Are Your Ears Trying to Protect Themselves?

Our senses have warning systems to alert us to possible dangers. A bitter taste warns us away from poisons. A putrid smell alerts us that food may not be safe to eat. Our eyes close automatically when exposed to a flash of light. Pain receptors in our skin warn us to pull away from something hot.

But what about hearing? We all know that noise damages our hearing, and most of us have thought of hearing as an anomaly among the senses: the only one without a defense mechanism.

Lab mouseNow researchers think they have discovered a pain receptor system in the ears, and it may be why we instinctively put our fingers in our ears or clap our hands over them when we hear an ambulance or a jackhammer or other loud noise…..

Read more about why this may be a breakthrough for #tinnitus and #hyperacusis sufferers at @aarp health/katherine bouton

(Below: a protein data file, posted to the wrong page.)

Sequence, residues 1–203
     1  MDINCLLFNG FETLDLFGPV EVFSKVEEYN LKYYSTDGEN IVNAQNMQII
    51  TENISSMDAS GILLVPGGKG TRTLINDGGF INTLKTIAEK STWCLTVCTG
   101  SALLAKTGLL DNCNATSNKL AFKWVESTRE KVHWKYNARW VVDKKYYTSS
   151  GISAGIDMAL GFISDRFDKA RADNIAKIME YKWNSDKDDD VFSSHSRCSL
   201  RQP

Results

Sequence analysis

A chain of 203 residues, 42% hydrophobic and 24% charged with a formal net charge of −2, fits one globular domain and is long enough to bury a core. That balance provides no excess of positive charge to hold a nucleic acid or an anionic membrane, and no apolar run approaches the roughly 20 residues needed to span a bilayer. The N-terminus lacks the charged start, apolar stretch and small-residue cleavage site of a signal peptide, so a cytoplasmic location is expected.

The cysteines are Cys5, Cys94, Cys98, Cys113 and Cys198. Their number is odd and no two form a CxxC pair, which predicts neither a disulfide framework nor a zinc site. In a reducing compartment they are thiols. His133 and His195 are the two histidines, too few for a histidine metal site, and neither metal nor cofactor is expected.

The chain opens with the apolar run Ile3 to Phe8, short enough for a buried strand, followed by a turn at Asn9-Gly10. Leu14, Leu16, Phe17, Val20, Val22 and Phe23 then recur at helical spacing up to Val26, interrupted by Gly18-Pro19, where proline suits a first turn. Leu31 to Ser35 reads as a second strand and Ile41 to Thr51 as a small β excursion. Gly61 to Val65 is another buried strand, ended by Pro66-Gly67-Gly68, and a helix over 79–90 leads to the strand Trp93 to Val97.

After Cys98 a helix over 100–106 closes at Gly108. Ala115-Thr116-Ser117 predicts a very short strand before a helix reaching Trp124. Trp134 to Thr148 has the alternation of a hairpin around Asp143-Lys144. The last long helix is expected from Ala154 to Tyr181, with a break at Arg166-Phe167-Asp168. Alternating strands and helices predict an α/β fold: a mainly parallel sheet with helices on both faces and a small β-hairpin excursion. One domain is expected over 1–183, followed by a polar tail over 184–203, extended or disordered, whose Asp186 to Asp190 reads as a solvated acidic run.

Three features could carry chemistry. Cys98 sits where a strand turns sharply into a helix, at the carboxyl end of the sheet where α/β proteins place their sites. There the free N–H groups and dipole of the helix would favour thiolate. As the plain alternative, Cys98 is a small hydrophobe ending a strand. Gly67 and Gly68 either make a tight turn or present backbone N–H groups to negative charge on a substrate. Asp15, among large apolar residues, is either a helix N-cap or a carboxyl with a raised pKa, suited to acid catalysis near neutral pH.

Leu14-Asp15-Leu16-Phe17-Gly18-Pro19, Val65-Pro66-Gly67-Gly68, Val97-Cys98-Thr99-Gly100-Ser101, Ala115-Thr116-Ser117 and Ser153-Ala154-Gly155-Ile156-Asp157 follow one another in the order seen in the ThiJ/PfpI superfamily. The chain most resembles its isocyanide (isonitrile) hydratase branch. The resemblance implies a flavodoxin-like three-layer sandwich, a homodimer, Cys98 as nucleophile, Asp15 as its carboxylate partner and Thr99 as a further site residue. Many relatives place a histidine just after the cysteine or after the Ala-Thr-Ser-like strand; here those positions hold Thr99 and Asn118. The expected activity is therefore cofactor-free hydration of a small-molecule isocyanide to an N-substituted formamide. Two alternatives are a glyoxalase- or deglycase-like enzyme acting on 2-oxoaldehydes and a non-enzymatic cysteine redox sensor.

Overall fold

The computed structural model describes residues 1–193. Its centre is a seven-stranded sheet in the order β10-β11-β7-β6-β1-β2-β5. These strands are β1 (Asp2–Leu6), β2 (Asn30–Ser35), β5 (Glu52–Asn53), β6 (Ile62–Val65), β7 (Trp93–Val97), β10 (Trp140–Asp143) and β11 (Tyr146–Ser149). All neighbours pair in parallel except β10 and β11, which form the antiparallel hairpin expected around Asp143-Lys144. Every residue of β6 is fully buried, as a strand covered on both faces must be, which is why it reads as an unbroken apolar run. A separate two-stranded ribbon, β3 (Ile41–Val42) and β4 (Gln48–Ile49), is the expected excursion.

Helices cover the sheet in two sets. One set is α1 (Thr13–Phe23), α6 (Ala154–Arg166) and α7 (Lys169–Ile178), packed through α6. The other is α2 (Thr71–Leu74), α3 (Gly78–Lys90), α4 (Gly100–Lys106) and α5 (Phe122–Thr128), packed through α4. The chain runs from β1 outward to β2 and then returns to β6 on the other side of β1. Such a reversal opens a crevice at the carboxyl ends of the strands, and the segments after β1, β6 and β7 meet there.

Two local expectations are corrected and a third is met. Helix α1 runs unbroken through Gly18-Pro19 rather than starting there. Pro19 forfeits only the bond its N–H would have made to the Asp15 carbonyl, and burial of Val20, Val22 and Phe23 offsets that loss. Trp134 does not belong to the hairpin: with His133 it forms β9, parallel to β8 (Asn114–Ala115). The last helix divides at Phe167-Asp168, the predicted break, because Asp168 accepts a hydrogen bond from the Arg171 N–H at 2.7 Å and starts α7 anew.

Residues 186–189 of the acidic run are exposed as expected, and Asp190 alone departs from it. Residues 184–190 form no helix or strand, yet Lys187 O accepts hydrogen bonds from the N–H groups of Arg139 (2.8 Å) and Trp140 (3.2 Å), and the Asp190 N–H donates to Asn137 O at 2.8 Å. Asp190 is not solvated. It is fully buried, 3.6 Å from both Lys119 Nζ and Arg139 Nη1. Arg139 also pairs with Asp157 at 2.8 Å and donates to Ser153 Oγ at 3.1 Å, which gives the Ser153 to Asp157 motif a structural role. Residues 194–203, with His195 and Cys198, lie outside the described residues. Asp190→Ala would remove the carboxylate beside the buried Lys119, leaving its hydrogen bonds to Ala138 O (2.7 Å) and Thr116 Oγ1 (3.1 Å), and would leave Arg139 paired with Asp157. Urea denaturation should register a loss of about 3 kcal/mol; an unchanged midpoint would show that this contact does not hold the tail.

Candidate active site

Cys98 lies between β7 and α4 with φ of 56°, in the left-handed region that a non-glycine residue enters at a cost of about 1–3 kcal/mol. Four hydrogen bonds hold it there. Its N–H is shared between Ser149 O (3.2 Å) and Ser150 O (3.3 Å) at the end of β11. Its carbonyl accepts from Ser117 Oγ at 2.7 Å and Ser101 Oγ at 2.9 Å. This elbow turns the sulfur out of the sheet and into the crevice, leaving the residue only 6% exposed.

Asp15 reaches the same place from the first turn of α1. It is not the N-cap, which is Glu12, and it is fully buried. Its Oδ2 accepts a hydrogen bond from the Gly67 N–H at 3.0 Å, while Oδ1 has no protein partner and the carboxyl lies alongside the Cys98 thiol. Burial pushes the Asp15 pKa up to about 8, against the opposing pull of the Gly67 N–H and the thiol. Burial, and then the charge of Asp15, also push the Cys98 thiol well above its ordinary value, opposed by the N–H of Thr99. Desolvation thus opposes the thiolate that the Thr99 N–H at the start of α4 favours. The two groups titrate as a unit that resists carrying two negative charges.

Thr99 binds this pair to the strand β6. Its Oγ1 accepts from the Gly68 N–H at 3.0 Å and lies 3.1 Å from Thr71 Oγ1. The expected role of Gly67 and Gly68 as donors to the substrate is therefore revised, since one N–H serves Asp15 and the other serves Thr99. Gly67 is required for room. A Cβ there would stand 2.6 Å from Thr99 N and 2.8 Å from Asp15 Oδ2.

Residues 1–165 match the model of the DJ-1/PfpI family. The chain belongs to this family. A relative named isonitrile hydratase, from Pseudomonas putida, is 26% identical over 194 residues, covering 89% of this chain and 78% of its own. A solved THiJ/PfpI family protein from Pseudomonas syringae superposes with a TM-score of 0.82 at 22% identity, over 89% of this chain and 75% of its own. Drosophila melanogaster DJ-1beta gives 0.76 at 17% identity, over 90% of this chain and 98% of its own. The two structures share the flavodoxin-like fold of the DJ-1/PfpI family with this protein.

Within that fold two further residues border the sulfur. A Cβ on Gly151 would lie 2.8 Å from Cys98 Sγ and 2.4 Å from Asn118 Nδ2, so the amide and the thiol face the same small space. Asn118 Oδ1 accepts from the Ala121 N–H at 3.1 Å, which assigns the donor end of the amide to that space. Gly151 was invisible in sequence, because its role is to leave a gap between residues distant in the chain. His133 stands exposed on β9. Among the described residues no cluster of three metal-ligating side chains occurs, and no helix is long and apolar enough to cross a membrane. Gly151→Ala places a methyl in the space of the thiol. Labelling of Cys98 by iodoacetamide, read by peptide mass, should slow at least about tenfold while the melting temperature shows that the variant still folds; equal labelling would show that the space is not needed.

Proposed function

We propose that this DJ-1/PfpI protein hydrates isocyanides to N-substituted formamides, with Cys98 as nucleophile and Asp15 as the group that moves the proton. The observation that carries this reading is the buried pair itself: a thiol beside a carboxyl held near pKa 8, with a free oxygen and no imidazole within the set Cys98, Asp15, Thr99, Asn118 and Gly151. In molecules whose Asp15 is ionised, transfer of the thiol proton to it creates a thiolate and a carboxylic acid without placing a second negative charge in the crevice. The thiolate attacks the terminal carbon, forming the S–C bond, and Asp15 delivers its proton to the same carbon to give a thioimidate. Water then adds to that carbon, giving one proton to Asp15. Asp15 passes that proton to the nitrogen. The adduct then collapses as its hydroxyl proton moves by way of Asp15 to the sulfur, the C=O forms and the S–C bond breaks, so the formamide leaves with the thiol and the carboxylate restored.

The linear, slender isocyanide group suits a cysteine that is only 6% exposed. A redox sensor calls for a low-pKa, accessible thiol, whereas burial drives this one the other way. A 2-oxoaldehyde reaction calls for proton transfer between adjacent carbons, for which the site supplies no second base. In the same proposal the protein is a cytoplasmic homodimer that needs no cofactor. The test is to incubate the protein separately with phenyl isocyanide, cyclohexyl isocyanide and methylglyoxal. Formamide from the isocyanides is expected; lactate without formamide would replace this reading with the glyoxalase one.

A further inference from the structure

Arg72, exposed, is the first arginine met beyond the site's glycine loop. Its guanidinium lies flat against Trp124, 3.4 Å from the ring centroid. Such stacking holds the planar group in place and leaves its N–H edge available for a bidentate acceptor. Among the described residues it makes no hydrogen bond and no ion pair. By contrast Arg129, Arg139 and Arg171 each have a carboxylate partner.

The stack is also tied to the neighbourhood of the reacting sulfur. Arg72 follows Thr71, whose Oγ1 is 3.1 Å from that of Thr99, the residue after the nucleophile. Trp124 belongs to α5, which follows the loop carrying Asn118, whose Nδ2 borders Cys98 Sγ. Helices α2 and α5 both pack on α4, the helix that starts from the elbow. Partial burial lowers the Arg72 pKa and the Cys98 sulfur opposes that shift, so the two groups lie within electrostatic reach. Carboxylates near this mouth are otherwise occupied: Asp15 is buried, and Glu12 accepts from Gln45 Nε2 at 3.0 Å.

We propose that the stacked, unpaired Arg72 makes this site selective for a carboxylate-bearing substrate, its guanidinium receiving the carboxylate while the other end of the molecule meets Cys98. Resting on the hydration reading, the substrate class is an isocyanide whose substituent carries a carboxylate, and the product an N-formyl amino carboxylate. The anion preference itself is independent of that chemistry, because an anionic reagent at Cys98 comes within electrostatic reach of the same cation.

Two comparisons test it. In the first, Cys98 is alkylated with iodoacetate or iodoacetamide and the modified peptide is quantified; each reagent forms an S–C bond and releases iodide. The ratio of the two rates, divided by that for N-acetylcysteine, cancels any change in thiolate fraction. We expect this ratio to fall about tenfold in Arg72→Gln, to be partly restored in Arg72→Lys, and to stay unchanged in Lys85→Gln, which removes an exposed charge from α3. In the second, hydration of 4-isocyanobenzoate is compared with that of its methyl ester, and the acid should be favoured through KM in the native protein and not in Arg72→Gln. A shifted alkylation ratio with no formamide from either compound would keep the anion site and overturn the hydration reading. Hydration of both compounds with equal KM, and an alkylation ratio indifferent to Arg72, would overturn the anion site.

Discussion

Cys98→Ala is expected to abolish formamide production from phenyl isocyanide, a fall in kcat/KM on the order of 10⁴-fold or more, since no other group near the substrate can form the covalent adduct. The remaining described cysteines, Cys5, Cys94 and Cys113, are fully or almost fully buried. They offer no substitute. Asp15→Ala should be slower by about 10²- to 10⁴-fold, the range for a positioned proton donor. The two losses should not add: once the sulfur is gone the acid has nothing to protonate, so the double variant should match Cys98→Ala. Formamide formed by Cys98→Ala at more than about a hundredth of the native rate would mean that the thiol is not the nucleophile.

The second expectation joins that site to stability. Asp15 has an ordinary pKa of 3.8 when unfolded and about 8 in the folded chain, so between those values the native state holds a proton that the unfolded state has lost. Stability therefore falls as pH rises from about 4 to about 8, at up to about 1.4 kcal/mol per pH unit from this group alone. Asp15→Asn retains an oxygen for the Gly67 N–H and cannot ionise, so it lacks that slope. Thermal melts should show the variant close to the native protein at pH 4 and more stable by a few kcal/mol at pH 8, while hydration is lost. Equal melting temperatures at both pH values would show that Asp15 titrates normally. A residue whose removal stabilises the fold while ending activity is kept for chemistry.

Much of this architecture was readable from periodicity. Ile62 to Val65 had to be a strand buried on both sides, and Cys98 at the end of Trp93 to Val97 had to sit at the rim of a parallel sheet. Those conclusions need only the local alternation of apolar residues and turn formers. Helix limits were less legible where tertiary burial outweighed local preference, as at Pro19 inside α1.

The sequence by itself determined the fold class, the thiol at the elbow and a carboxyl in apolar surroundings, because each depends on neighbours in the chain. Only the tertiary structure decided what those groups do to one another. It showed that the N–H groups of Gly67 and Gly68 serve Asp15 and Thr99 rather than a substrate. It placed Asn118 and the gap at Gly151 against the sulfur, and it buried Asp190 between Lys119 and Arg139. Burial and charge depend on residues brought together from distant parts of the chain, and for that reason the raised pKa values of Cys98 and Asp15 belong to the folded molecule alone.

A Simple Solution for Remembering Names

You’ve probably heard the tips. Visualize something about the person that will remind you of the name: Rose — the woman wearing the pink sweater. Spike — the guy with the hair. Repeat the name either mentally or out loud.

But that doesn’t always help. Maybe you’re at a business meeting with new clients. They’re all dressed alike. They all look alike, for that matter. Who’s who? What did he say? Or a cocktail party. Even social chatter can be uncomfortable if you can’t hear the person’s name.iStock_000035830680Medium

Senior moment? Maybe. Symptoms of what we call normal age-related hearing loss can be alarming but are generally not indicative of serious decline. If you sometimes forget a name, occasionally have to search for a word, misplace your keys, you probably shouldn’t worry. If these things happen on a regular basis and seem to be increasing in frequency, you should have a test to see if you might have MCI, mild cognitive impairment, which can be a precursor to Alzheimer’s.

But if your problem is failing to remember the names or occupations or interests of people you meet, the cause may be much simpler and easily corrected. Perhaps you are just not hearing them.